6 Career Opportunities After Getting An MSN Degree

It is no secret that nurses play a crucial role in the healthcare system. No medical facility can survive without nurse professionals from hospitals to private clinics and rehab centers.

Note that nursing is never a one-and-done type of field. Each day, nurses encounter new challenges. Moreover, with the emergence of the latest technological advancements, the industry is ever-evolving. Thus, nurses who wish to be successful in their careers need to focus on professional development. After all, no matter how well-skilled or qualified you think you are, there is always some room for career progression.

So are you a Registered Nurse (RN) and looking for ways to advance your career? Then, you can consider pursuing a master’s degree that expands your knowledge and opens doors to various potential career opportunities. However, you might be feeling a bit reluctant to continue further education because of a hectic work schedule and family commitments.

In that case, you can enroll in online masters of nursing programs and become eligible for advanced nursing job roles. An online degree helps you learn at your flexible schedule and from the comfort of your home.

So let’s dive into some of the career opportunities you can consider after getting your MSN degree:

1. Certified Registered Nurse Anesthetist

One of the highest-paid career pathways for nurses with an MSN degree is Certified Registered Nurse Anesthetist (CRNA). Primarily, these professionals are responsible for administering anesthesia to the patients. The work environment includes hospitals, emergency rooms, surgical clinics, public health centers, and other medical facilities.

Individuals in this field must have strong communication and interpersonal skills to excel in their careers. The day-to-day job duties can include:

• Evaluate patient’s vitals before, during, and after the surgery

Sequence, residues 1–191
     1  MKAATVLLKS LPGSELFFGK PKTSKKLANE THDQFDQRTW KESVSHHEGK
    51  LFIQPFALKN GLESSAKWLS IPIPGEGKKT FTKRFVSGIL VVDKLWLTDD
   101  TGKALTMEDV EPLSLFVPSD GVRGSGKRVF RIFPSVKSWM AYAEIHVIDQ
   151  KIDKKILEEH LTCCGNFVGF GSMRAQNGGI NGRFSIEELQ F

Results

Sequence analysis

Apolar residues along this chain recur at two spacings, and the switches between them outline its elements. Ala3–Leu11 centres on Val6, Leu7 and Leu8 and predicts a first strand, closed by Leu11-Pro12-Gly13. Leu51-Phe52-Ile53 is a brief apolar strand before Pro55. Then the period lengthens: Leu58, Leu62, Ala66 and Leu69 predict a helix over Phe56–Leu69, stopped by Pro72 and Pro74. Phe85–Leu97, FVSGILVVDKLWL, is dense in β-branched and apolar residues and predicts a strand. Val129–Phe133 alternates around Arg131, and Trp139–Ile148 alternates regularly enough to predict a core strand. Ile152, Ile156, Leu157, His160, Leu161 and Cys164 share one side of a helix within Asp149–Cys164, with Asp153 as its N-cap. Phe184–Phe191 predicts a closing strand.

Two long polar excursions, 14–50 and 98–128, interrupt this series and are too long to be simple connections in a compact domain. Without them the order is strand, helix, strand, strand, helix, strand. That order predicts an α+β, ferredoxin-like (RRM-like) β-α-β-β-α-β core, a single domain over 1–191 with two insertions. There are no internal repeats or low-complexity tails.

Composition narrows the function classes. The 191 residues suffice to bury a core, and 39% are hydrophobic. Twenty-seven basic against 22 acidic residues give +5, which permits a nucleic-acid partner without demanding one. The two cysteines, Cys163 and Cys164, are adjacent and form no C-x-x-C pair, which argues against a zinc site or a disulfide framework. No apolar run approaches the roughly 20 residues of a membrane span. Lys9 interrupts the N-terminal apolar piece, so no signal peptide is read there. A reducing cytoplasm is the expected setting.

• Educate patients and their loved ones about the surgery procedure and post-recovery
• Request and assess diagnostic tests
• Set up the surgical room with the necessary medical supplies and equipment
• Stay abreast of the latest advancements in the field of anesthesia

According to PayScale, the average salary of CRNA is $164,212 per year.

2. Nurse Practitioner

Nurse Practitioners (NP) have more direct contact with patients and offer them the highest-quality patient care. Since these professionals have additional training and certification than the registered nurses, their job duties also exceed. NPs can work in various fields depending on their specialty.

Different specialties include family care, pharmacotherapeutics, pediatric, adult-gerontology, orthopedics, neonatal care, mental health, etc. Strong leadership, problem-solving, communication, and critical thinking are must-have skills to succeed in this career path. Typical job responsibilities can include:

• Perform a physical examination of patients to observe physical health
• Orders and analyze diagnostic tests
• Take notes on the patient’s medical history and other symptoms
• Collaborate with other healthcare professionals to devise a treatment plan
• Counsel patients and the overall community on how to prevent illnesses and injuries

The average salary of a Nurse Practitioner is $100,121 per year.

3. Nurse Educator

As the nursing field grows, the demand for nurse educators also grows. Nurse educators are in charge of training students to help them become future nurses of the world. Working in this field means sharing your knowledge, skills, and expertise with new and practicing nurses.

As the name implies, you will work in different settings, including community colleges, technical schools, and hospital-based education programs. To excel in your career, you must possess the patience, effective communication, professionalism, and time-management skills. Your job responsibilities can include: